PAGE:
I can remember my grandfather’s voice. Confident, soft, and unquestionably Bostonian. His voice, coupled with his ability to deliver a story like no other, made you feel like you were there.
One of his best stories was about his time as a greenhorn reporter covering the sinking of the Andrea Doria for the Boston Traveller newspaper in the 1950s.
The Andrea Doria, a luxurious 697-foot ocean liner carrying 1,134 passengers, Italian immigrants, vacationers, and business travelers, departed from Italy for New York City on July 17 for its 101st transatlantic voyage. The Doria was known as one of the most beautiful — and safest — ocean liners of its time. The ship had three deck pools, a wide array of art, and possessed two radar screens, a new technology at the time.
Eight days later — and 63 years ago today — the Doria entered the sea-lanes off the Northeast coast of the U.S., according to accounts in Richard Goldstein’s book “Desperate Hours: The Epic Rescue of the Andrea Doria.” Earlier that day, the 524-foot Swedish ocean liner Stockholm departed from New York City, heading for its homeport of Gothenburg.
By 10:30 pm, on a foggy night, the two ships were on a collision course 45 miles off Nantucket. The ships were coming from opposite directions at a steady speed, both hoping to shave time off their journeys. It wasn’t until 25 minutes later the two ships realized they were headed straight for each other. The crash ended with the Stockholm sailing back to New York Harbor for repairs and, 11 hours later, the Doria resting in 240 feet of water in the North Atlantic.
The collision, which is still disputed, but which many believe was a radar-misreading error on the part of the Stockholm’s captain, killed five people on the Stockholm and 46 on the Doria.
Today, the Doria’s tragic end is known as one of the largest civilian maritime rescues in history.
As the Doria slowly descended into the water, the media descended onto the scene. Several reporters took to the skies to take pictures and capture in so many words the fate of the Italian ship. Harry Trask, a 28-year-old photographer working for the Boston Traveller newspaper, was late.
Trask’s editors sent him and reporter John Dowd — my grandfather — to catch a flight from the Revere airport to Nantucket. From there, the duo, who were good friends, were supposed to catch another flight out to the water to get a photo of the Doria, but there were no planes available. Meanwhile, several photographers from other outlets were returning on a rented DC-3 with their pictures of the sinking ship, while Trask shook with fear that he might lose his job because he arrived too late. An editor at the Traveller had given my grandfather phone numbers of local pilots. After several frantic phone calls, the two secured Martha’s Vineyard pilot Bob Walker, a friend of my grandfather, and his Beechcraft Bonanza to fly from the Vineyard to Nantucket, pick them up, and take them out to fly over the Doria.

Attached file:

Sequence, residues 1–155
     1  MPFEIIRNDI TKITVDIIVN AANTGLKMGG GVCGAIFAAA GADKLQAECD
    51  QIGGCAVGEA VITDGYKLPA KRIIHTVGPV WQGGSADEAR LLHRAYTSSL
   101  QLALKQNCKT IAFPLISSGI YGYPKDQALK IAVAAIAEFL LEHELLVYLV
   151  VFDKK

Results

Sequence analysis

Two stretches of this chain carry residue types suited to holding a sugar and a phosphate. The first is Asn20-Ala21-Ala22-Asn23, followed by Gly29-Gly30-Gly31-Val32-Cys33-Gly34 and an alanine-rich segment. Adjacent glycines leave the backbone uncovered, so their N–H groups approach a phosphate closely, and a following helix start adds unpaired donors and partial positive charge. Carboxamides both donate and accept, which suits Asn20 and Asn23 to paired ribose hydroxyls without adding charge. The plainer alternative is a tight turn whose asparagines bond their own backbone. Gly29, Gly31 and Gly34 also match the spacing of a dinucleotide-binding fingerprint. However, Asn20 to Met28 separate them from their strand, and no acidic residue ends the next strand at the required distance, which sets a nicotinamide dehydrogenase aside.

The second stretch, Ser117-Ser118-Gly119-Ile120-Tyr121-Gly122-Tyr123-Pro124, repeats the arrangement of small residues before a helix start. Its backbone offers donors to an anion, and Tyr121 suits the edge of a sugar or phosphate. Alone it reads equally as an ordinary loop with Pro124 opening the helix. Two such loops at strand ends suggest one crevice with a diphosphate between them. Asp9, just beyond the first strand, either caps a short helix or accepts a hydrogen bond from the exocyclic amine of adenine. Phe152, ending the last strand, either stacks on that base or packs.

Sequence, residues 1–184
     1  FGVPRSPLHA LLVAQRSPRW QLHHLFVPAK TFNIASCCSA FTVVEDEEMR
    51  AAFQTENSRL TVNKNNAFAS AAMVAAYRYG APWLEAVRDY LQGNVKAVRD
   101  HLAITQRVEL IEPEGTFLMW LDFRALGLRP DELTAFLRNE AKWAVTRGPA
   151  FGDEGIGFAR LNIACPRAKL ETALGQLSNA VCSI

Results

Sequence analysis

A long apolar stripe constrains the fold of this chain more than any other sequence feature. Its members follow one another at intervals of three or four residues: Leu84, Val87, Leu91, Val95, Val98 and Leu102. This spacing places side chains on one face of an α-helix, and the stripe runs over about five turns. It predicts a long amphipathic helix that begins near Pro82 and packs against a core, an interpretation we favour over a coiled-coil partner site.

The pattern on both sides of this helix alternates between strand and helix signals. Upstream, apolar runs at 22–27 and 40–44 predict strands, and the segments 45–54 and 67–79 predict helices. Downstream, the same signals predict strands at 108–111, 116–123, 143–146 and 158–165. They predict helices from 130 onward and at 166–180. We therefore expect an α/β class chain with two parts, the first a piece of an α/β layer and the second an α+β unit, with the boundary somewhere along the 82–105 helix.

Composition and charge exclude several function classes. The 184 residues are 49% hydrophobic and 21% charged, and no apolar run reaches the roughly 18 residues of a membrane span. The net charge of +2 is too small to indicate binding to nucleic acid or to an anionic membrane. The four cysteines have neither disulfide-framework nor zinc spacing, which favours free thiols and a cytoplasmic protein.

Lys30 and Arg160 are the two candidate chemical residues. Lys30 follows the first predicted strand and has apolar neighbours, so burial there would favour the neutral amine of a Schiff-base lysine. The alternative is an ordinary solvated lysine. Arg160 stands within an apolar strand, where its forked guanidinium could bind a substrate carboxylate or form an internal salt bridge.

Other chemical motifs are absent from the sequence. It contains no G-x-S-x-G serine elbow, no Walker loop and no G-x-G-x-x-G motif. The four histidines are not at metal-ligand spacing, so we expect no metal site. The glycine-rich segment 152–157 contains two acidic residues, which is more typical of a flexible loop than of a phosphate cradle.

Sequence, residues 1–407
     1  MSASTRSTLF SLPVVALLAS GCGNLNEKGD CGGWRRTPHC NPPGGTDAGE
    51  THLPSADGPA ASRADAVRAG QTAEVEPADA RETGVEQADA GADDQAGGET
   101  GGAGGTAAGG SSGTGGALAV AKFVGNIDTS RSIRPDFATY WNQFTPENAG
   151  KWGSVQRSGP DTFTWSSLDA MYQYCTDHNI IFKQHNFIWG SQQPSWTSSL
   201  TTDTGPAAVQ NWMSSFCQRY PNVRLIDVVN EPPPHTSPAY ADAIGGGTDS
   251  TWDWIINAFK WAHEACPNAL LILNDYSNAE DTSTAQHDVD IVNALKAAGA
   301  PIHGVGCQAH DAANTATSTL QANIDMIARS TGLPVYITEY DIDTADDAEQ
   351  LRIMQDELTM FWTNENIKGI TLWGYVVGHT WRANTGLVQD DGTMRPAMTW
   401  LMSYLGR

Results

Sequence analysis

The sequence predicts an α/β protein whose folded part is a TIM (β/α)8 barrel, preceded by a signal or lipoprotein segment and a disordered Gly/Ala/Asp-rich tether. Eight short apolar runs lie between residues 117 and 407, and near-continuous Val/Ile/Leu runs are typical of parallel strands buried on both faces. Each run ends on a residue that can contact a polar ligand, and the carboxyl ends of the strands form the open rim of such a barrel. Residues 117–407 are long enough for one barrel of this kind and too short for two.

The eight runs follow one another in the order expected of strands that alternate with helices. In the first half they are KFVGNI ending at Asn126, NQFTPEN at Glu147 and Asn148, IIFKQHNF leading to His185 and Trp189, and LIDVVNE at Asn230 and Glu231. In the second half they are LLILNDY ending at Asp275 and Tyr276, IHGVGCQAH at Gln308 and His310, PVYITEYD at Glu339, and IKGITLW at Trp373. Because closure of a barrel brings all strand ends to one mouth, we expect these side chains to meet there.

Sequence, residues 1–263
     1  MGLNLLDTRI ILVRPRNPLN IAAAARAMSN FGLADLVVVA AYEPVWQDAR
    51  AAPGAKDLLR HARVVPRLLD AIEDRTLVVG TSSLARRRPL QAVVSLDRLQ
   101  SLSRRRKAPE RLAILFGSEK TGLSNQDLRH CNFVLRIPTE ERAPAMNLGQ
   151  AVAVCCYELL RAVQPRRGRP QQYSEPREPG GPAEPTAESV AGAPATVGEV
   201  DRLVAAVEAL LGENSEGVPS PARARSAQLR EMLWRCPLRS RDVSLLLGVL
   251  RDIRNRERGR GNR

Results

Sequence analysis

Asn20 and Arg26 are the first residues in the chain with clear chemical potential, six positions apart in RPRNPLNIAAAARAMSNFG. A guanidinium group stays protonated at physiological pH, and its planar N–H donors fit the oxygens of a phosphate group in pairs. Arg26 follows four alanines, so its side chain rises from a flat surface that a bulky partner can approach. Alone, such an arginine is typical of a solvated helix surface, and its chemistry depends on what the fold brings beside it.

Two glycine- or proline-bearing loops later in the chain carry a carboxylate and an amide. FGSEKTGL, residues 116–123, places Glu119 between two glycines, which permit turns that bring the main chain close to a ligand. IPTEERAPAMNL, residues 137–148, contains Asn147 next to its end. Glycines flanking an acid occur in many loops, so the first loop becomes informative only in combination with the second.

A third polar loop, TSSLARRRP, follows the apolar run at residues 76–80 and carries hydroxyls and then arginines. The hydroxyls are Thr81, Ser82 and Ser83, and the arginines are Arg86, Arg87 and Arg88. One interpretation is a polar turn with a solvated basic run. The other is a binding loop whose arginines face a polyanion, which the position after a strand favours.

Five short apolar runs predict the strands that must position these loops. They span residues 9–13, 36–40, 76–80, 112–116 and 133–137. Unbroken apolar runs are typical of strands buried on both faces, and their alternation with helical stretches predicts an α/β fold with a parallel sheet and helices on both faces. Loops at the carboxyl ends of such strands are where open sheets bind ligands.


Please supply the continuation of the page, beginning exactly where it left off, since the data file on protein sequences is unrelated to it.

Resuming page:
While he was the Traveller’s designated airplane photographer, Trask was prone to airsickness, and did not have his supply of Dramamine with him. Despite this, Trask and my grandfather piled into the small plane and set off. In “Desperate Hours,” Goldstein said Trask made a “tactical error by sitting up front with the pilot and placing his reporter in the back.”
My grandfather was a man who had a presence. He studied theater and voice and was an avid stage actor. He was intelligent, but not pretentious; he was a man who said it was a gift of the Irish that allowed him to command a room with a story.
In the front of the plane, Trask snapped a few photos, but had a tough time focusing his Speed Graphic camera, a large press camera with 4-by-5-inch-cut film. The constant rocking of the plane wasn’t doing his airsickness any favors either. In an effort to help his friend and get the job done, my grandfather — according to his version of the story — grabbed the camera and began snapping shots as the plane circled the wreck. (One of my favorite parts of this story is the uncanny parallels. I’m the same age my grandfather was when he set off with Trask. I’m good friends with Times photographer Gabrielle Mannino, whom I’ve teamed up with for countless assignments. She often has to take Dramamine for our adventures on the water, but so far I haven’t had to take over camera duties.)
When Trask and my grandfather returned to land and developed the photos, neither of them knew who took which picture. As many people know, the photo was published, and eventually went on to win a Pulitzer Prize for the photo of the smoking and sinking Doria minutes before it sank.
My grandfather and Trask remained friends for a long time, and often joked about that moment at parties for many years after. The picture of the sinking Andrea Doria sat in a frame in my grandfather’s office for many years.
Looking back on this 63rd anniversary of the sinking of the Andrea Doria, my mind wanders to my grandfather, and I wonder what’s ahead for me.